Close to 3 billion people have never used the internet, and billionaires Elon Musk and Jeff Bezos are on a mission that could narrow the digital divide. The two entrepreneurs are competing to launch thousands of small satellites that will zip around the globe in what’s known as low-Earth orbit (LEO). They can be used to connect places that are too remote for ground-based broadband or have been cut off by natural disasters or conflict. The technology was put through its paces in Ukraine, where Musk’s Starlink system helped to keep civilians and the military online after Russian forces invaded. But colonizing this special slice of Earth’s atmosphere comes with heavy startup costs as well as complex and potentially dangerous challenges.
1. How low is LEO?
Most LEO satellites circle from 500 kilometers (311 miles) to 2,000 kilometers above Earth’s surface, so they can send data to the ground more rapidly than traditional communication satellites that are stationed at roughly 36,000 kilometers out. Those high-orbit systems have a median signal delay, or latency, of nearly 600 milliseconds for a round trip -- too slow for technologies such as live video streaming, self-driving cars and high-frequency securities trading. Starlink aims for latency as low as 20 milliseconds, which Musk hopes eventually to cut in half. At those speeds, LEO satellites may compete with the fastest ground networks.
2. Why so many satellites?
Satellites that are closer to Earth see a smaller part of its surface, so you need more of them. Also, the speed needed for an object to keep a stable orbit -- achieved by balancing its velocity with Earth’s gravity -- increases in LEO, so a satellite must travel at about 27,000 kph to stay aloft, circling the planet in 90 to 120 minutes. As each satellite is only briefly in contact with a ground transmitter, another needs to appear on the horizon before the first goes out of view. To ensure there’s always a satellite overhead, you need lots of them strung out along crisscrossing paths that envelop the globe.
3. How will the companies make money?
By selling their services to governments, businesses working in remote regions and providers of terrestrial 5G wireless and fixed-line broadband services that need to fill gaps in their own networks. They also aim to sell direct to consumers in poorer nations where broadband is patchy. For that, they’ll have to cut the cost of the ground terminals: A Starlink package costs $599 in the US, excluding the connection fee. Past LEO projects such as Iridium, Globalstar and Orbcomm went bankrupt. Today’s are more viable as satellite launch costs have plunged with the introduction of lighter, reusable rockets. Musk’s Falcon 9 can send up a satellite at a cost of $2,600 per kilogram, down from roughly $10,000 two decades ago. His company Space Exploration Technologies Corp. estimated that Starlink may cost up to $30 billion to install, and Musk has said that annual revenue could eventually reach $50 billion, helping to bankroll his ultimate ambition -- colonizing Mars.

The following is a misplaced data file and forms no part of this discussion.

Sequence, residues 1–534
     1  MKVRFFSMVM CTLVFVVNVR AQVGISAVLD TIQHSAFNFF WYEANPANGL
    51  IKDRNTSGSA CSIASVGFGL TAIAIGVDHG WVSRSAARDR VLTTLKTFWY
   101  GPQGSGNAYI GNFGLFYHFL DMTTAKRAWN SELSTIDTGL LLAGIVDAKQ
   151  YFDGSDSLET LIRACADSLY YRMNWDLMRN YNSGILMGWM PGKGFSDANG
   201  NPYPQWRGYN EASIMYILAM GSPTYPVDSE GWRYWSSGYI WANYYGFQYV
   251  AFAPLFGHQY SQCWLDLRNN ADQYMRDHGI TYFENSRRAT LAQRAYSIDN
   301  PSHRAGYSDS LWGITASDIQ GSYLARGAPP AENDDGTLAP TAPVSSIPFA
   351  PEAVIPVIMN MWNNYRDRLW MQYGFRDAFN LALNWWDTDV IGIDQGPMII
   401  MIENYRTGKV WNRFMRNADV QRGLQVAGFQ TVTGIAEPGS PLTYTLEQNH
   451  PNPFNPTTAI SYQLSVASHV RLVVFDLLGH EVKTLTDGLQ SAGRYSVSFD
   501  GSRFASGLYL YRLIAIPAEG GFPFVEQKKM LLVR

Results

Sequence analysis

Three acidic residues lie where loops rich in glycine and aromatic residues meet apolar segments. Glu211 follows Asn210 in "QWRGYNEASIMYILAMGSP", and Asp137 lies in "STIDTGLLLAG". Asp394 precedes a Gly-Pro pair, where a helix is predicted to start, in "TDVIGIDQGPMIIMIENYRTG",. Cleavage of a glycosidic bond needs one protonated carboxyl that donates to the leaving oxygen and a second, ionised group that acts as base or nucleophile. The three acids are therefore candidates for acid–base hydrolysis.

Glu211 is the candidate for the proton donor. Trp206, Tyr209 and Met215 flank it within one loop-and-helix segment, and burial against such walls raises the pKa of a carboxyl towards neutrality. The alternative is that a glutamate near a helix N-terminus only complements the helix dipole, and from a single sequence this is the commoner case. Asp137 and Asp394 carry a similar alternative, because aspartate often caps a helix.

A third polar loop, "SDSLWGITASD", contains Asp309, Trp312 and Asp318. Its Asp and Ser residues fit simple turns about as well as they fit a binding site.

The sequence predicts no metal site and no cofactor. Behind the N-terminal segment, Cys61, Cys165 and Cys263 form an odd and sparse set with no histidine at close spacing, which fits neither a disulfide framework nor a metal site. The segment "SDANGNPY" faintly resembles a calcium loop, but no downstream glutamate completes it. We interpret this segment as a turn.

4. What about the competition?
Musk’s rivals aren’t far behind. In April, Bezos’s Amazon.com Inc. struck the biggest launch deal ever, to send up more than 3,000 satellites for his Project Kuiper constellation. OneWeb Ltd., an LEO constellation controlled by Indian billionaire Sunil Mittal and the British government, plans to offer global coverage from 2023. LEO networks from Canadian-backed Telesat, China, the European Union and others are in various stages of development. By the end of the decade, there could be more than 100,000 satellites zipping around the Earth, more than 20 times the number in operation in early 2022. Astronomers have already noticed the growing traffic, complaining that Starlink satellites are interfering with their view of space.
5. What’s the downside of LEO?
Because the satellites are moving so fast, collisions are harder to predict and can be devastating. A 10-centimeter chunk of debris traveling in LEO can contain about as much energy as 7 kilograms of TNT, enough to shatter a satellite into thousands of pieces. Radar detection systems can estimate a satellite’s trajectory only to within a few miles as solar radiation and atmospheric drag make orbital paths slightly irregular. LEO is already used by satellites for climate observation, Earth imaging and military purposes, as well as the International Space Station. It’s also littered with dead satellites and stray bits of old spacecraft. There’s a worry that a few collisions could cascade into further smashes, creating clouds of debris that put LEO’s most useful orbits off-limits for centuries. There are various proposals for removing space junk. But they would cost billions of dollars, and governments can’t decide who would pay the bill.
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